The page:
Longest underground Roman aqueduct

A recent article in Spiegel Online reports on the discovery of “The Ancient World’s Longest Underground Aqueduct.”

Roman engineers chipped an aqueduct through more than 100 kilometers of stone to connect water to cities in the ancient province of Syria. The monumental effort took more than a century, says the German researcher who discovered it.

When the Romans weren’t busy conquering their enemies, they loved to waste massive quantities of water, which gurgled and bubbled throughout their cities. The engineers of the empire invented standardized lead pipes, aqueducts as high as fortresses, and water mains with 15 bars (217 pounds per square inch) of pressure.

In the capital alone there were thousands of fountains, drinking troughs and thermal baths. Rich senators refreshed themselves in private pools and decorated their gardens with cooling grottos. The result was a record daily consumption of over 500 liters of water per capita (Germans today use around 125 liters).

However, when the Roman legions marched into the barren region of Palestine, shortly before the birth of Christ, they had to forgo the usual splashing about, at least temporarily. It was simply too dry.

The article by Matthias Schulz says,

This colossal waterworks project supplied the great cities of the ‘Decapolis’ – a league originally consisting of 10 ancient communities — with spring water. The aqueduct ended in Gadara, a city with a population of approximately 50,000. According to the Bible, this is where Jesus exorcized demons and chased them into a herd of pigs.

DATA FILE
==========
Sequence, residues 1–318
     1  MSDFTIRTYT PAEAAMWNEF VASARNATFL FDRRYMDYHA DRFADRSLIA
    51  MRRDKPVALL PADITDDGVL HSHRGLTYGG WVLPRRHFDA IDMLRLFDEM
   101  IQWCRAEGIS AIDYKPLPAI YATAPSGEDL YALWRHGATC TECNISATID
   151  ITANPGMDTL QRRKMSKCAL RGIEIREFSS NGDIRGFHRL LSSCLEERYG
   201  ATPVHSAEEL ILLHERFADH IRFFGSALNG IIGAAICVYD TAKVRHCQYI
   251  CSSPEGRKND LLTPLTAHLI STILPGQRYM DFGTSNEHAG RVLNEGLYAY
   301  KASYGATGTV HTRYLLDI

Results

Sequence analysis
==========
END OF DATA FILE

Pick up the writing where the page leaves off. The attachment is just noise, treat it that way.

The full story may be read here. There are some nice photos and diagrams.

The identification of the “country of the Gadarenes” (Matthew 8:28-34), and the “country of the Gerasenes” (Mark 5:1; Luke 8:26-39), and the exact place where the swine rushed down the steep cliff into the Sea, is a difficult one.  And I don’t have the time to work on it today.

View of Sea of Galilee from Umm Queis. Photo by Ferrell Jenkins.

View of Sea of Galilee from Umm Queis. Photo by Ferrell Jenkins.

We know that Gadara had a port on the Sea of Galilee, and that Roman coins of the city portrayed ships.

Here is a photo of the Roman theater of Umm Queis. The earliest buildings of this city are made of basalt, the volcanic rock common in the area.

The basalt theater at Umm Queis. Photo by Ferrell Jenkins.

The basalt theater at Umm Queis. Photo by Ferrell Jenkins.

HT: Joe Lauer

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One response to “Longest underground Roman aqueduct

  1. Pingback: Index of articles – the Romans and the ministry of Jesus | Ferrell's Travel Blog

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